Esposito was the first NHL goaltender to officially wear the number 35, a common number now worn by many goaltenders. It was assigned to him during training camp prior to the Chicago Black Hawks's 1969–70 season due to the fact that the standard numbers 1 and 30 were already assigned, and after posting a shutout in his first ever exhibition game for the team, he chose to keep wearing the number going on to a Hall of Fame career. His number 35 was retired by the Blackhawks on November 20, 1988.
Esposito was noted as being superstitious, becoming upset by crossed hockey sticks and regularly lining up his hockey sticks in a particular way.
Esposito later became General Manager of the Pittsburgh Penguins briefly, where he hired former Black Hawks teammate Gene Ubriaco as head coach. In his first year, the Penguins finished 40-33-7 and ended a lengthy playoff drought. After starting the 1989-90 season 10-14-2, Esposito and Ubriaco were both terminated. During his tenure, Esposito is best known for drafting Mark Recchi and pulling off a trade which landed the Penguins goaltender Tom Barrasso.
In 1991, when his brother helped found the Tampa Bay Lightning, Phil hired Tony as chief scout. Legend has it that they came up with the team name during a thunderstorm. Both Espositos were fired in 1998.
In 1998, he was ranked number 79 on The Hockey News' list of the 100 Greatest Hockey Players, 61 places behind his brother Phil, who ranked number 18.
In 2007, Tony was inducted (alongside brother Phil) into the Sault Ste. Marie Walk of Fame.
On March 19, 2008, the Chicago Blackhawks honoured Esposito with "Tony Esposito Night", where he was formally introduced as an Ambassador to the Blackhawks organization. Then-Blackhawk goaltenders Patrick Lalime and Nikolai Khabibulin both wore Esposito's #35 jerseys in the pre-game warmups, and Khabibulin recorded a shutout in a Hawks 5–0 win over the Washington Capitals.
|All-WCHA First Team||1964–65|
|AHCA West All-American||1964–65|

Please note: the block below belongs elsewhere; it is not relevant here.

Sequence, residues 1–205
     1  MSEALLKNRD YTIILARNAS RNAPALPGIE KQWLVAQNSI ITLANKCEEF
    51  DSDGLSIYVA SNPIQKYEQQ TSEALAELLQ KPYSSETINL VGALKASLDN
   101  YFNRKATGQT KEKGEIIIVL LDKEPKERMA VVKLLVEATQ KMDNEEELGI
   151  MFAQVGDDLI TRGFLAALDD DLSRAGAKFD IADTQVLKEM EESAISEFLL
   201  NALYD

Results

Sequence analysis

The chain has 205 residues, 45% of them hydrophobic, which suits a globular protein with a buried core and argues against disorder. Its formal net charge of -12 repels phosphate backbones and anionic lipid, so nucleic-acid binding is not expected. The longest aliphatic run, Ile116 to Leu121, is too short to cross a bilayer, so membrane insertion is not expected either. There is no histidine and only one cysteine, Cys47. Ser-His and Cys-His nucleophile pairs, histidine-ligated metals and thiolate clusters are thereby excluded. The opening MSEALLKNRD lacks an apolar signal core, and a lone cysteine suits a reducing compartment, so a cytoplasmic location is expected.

|All-NCAA All-Tournament First Team||1965|||
|All-WCHA First Team||1965–66|
|AHCA West All-American||1965–66|
|All-WCHA First Team||1966–67|
|AHCA West All-American||1966–67|
|1962–63||Sault Ste. Marie Greyhounds||NOJHA||—||—||—||—||—||—||—||—||—||—||—||—||—||—||—||—||—|
|1963–64||Michigan Tech Huskies||WCHA||—||—||—||—||—||—||—||—||—||—||—||—||—||—||—||—||—|
|1964–65||Michigan Tech Huskies||WCHA||17||—||—||—||1020||40||1||2.35||—||—||—||—||—||—||—||—||—|
|1965–66||Michigan Tech Huskies||WCHA||19||—||—||—||1140||51||1||2.68||—||—||—||—||—||—||—||—||—|
|1966–67||Michigan Tech Huskies||WCHA||15||—||—||—||900||39||0||2.60||—||—||—||—||—||—||—||—||—|
|1969–70||Chicago Black Hawks||NHL||63||38||17||9||3763||136||15||2.17||.932||8||4||4||480||27||0||3.38||.907|
|1970–71||Chicago Black Hawks||NHL||57||35||14||6||3325||126||6||2.27||.919||18||11||7||1151||42||2||2.19||.928|
|1971–72||Chicago Black Hawks||NHL||48||31||10||6||2780||82||9||1.77||.934||5||2||3||300||16||0||3.20||.895|
|1972–73||Chicago Black Hawks||NHL||56||32||17||7||3340||140||4||2.51||.917||15||10||5||895||46||1||3.08||.898|
|1973–74||Chicago Black Hawks||NHL||70||34||14||21||4143||141||10||2.04||.928||10||6||4||584||28||2||2.88||.911|
|1974–75||Chicago Black Hawks||NHL||71||34||30||7||4219||193||6||2.74||.905||8||3||5||472||34||0||4.32||.878|
|1975–76||Chicago Black Hawks||NHL||68||30||23||13||4003||198||4||2.97||.904||4||0||4||240||13||0||3.25||.901|
|1976–77||Chicago Black Hawks||NHL||69||25||36||8||4067||234||2||3.45||.900||2||0||2||120||6||0||3.00||.915|
|1977–78||Chicago Black Hawks||NHL||68||28||22||14||3840||168||5||2.63||.914||4||0||4||252||19||0||4.52||.838|
|1978–79||Chicago Black Hawks||NHL||63||24||28||11||3780||206||4||3.27||.901||4||0||4||243||14||0||3.46||.889|
|1979–80||Chicago Black Hawks||NHL||69||31||22||16||4140||205||6||2.97||.903||6||3||3||373||14||0||2.25||.924|
|1980–81||Chicago Black Hawks||NHL||66||29||23||14||3935||246||0||3.75||.890||3||0||3||215||15||0||4.19||.878|
|1981–82||Chicago Black Hawks||NHL||52||19||25||8||3069||231||1||4.52||.867||7||3||3||381||16||1||2.52||.917|
|1982–83||Chicago Black Hawks||NHL||39||23||11||5||2340||135||1||3.46||.888||5||3||2||311||18||0||3.47||.889|
|1983–84||Chicago Black Hawks||NHL||18||5||10||3||1095||88||1||4.82||.859||—||—||—||—||—||—||—||—|
"Esposito's stats". The Goaltender Home Page. Retrieved 2017-08-07.
Esposito and his wife Marilyn have two sons.
|Wikiquote has quotations related to: Tony Esposito|
|Winner of the Calder Memorial Trophy
and Jacques Plante
|Winner of the Vezina Trophy
and Gilles Villemure
and Gilles Villemure
|Winner of the Vezina Trophy
with Gary Smith
|Winner of the Vezina Trophy
tied with Bernie Parent
February 10, 1981 – October 24, 1984
|General Manager of the Pittsburgh Penguins